Fostering collaboration and shorebird conservation in the Mississippi Delta

When you think of Mississippi, shorebirds are probably not the first thing that comes to mind. Yet each year during both fall and spring migrations, over half a million shorebirds rely on the inland wetland habitats found in the Mississippi River Alluvial Valley.

 

The region historically contained a complex and diverse array of habitats including wetlands, sloughs, oxbows and mudbars that likely supported these birds, but changes to the region’s hydrology through ditching, draining, levees, reservoirs, and channels have altered these systems greatly.

 

 

Today there are fewer acres and types of habitats, but managed public and privately-owned lands in the Delta can start to make up the difference by providing important places to rest and refuel that shorebirds require during their arduous migrations.

 

To engage the managers of these working wetlands, Manomet partnered with the Mississippi conservation group Delta Wind Birds, as well as the U.S. Fish and Wildlife Service and the Lower Mississippi Valley Joint Venture, to host two shorebird workshops in Lambert and Isola, Mississippi, between September 29 and October 2, 2015.

 

 

This three-day public lands workshop provided 36 land managers and biologists of National Wildlife Refuges and Wildlife Management Areas with information on the biology, conservation, and habitat management to benefit shorebirds.  An additional one-day workshop introduced 18 land managers and private landowners to these birds, and the potential of creating shallow water habitat on wetlands, aquaculture impoundments, and agricultural fields.  Both workshops included field trips to local sites where participants, using binoculars and spotting scopes, observed and learned to identify the impressive array of shorebirds on the site.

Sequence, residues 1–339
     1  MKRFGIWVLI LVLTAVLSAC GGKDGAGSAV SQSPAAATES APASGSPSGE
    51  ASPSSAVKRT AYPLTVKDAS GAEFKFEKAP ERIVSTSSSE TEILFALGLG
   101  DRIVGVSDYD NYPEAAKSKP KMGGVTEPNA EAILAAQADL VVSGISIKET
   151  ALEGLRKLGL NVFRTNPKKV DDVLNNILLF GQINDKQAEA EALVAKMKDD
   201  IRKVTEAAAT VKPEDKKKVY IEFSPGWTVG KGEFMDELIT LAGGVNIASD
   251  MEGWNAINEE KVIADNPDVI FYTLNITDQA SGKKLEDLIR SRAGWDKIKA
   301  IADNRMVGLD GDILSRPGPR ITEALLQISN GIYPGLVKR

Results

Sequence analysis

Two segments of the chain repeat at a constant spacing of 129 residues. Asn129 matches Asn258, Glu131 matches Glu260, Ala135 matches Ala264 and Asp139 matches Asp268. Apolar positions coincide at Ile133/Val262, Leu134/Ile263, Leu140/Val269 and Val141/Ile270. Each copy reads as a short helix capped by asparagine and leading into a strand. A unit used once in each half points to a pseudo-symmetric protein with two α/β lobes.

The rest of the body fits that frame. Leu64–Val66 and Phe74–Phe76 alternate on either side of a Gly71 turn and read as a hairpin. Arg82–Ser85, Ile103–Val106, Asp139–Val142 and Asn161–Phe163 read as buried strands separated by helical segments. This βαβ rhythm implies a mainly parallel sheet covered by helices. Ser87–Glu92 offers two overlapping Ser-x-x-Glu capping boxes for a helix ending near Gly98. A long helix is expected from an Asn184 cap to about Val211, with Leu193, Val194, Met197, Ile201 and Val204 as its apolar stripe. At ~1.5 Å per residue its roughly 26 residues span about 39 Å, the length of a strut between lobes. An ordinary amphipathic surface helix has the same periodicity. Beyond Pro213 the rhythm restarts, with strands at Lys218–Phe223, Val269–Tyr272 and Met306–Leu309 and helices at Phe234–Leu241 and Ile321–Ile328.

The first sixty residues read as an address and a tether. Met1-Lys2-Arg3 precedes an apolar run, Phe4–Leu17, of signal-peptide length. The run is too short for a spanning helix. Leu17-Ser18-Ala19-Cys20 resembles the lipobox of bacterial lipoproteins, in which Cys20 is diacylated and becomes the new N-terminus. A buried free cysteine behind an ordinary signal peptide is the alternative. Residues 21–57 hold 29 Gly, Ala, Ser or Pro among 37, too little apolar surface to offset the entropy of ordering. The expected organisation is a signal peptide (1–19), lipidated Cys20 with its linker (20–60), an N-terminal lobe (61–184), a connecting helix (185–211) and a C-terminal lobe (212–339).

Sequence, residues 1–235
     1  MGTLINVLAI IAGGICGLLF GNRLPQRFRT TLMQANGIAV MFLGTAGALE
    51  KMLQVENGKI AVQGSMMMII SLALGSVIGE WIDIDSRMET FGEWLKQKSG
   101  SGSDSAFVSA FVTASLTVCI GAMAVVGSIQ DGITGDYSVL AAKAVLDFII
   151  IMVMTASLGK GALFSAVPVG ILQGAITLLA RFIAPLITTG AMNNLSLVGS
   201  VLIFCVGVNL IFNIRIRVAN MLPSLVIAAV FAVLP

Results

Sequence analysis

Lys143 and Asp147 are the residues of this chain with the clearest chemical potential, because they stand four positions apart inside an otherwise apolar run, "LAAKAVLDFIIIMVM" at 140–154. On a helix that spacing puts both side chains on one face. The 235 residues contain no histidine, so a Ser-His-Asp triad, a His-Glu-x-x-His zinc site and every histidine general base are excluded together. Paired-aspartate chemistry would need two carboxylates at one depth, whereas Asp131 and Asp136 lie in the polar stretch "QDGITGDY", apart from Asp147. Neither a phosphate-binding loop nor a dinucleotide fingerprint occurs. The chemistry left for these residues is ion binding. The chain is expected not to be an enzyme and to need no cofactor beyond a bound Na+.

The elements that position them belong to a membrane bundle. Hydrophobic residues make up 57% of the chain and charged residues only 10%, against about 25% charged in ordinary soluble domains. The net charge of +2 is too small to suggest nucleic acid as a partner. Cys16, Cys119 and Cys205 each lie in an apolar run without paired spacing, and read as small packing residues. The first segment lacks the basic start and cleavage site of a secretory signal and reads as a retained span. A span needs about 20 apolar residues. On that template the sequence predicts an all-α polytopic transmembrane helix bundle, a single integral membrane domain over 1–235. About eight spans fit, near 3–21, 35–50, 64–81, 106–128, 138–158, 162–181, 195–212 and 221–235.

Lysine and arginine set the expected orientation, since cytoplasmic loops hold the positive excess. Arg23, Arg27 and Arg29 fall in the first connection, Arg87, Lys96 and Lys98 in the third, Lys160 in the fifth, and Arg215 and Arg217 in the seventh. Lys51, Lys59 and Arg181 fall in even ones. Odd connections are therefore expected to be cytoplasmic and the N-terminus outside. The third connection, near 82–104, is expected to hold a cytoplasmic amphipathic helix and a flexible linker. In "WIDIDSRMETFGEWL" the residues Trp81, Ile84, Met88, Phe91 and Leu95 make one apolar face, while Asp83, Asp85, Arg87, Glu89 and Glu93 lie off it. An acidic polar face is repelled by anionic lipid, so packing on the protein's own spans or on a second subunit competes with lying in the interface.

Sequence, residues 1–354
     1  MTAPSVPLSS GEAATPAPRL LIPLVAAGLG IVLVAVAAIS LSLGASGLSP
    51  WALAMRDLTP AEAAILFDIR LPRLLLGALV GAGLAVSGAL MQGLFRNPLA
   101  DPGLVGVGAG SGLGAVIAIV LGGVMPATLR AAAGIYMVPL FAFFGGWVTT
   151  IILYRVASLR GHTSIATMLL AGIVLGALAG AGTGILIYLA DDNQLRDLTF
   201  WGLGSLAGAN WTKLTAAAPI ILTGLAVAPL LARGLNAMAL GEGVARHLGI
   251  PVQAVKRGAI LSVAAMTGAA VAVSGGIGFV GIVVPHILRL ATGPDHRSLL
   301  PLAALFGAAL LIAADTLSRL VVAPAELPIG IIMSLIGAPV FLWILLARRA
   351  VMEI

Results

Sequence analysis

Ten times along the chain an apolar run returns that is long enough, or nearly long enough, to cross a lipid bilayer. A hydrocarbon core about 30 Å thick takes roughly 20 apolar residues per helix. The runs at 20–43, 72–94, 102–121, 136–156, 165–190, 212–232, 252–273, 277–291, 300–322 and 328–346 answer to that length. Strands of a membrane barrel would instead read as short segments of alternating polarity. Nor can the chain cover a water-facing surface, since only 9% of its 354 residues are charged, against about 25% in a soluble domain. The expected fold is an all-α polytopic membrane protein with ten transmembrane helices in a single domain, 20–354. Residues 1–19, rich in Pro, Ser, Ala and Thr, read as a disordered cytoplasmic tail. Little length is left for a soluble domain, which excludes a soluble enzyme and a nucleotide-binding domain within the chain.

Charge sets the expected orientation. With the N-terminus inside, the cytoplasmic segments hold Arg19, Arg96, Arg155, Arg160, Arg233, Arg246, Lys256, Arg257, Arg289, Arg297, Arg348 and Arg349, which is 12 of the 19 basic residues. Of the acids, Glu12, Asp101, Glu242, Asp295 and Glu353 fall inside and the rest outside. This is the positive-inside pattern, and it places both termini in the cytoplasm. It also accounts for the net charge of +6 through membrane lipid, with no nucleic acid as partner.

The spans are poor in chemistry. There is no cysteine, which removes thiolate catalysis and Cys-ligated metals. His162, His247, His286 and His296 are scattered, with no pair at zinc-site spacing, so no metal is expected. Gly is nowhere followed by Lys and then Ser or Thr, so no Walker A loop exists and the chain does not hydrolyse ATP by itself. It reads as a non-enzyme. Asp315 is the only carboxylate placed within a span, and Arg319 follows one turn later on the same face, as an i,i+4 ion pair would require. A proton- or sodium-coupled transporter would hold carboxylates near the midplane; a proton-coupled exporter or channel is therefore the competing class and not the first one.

These workshops are at the core of Manomet’s newest shorebird project, “Habitats for Shorebirds.” This broad geographic conservation endeavor has an ambitious goal of improving conditions on 500,000 acres of interior wetlands and coasts, through applied management techniques, by 2018. So far, management protocols to improve conditions for shorebirds have been implemented on 42,642 acres, with 348,808 acres under advisement for implementation.

 

 

Workshops are a great way to help managers start thinking about shorebirds in the context of their current management practices and teach them approaches to ways they can provide effective shorebird habitat on their lands.  After the workshops conclude, Manomet staff continue the conversations and collaborations with interested workshop participants and provide technical assistance in their efforts to improve on-the-ground habitat conditions.

 

 “These workshops really achieved a great deal in a short period of time,” said Mitch Robinson, Outreach and Education Coordinator for Strawberry Plains Audubon Center in Holly Springs, Mississippi, a participant in the private-lands workshop. “Participants gained a much greater appreciation for the fascinating biology and declining populations of these amazing birds, and learned that they can help, while also fostering a diversity of wildlife on their land, including ducks.”

 

 

 

The conservation challenges facing shorebirds and other waterbird populations are so immense that no one organization can solve this problem alone. By engaging land managers, non-profits and other stakeholders across the hemisphere, Manomet is helping to build the support needed to stabilize and grow shorebird populations.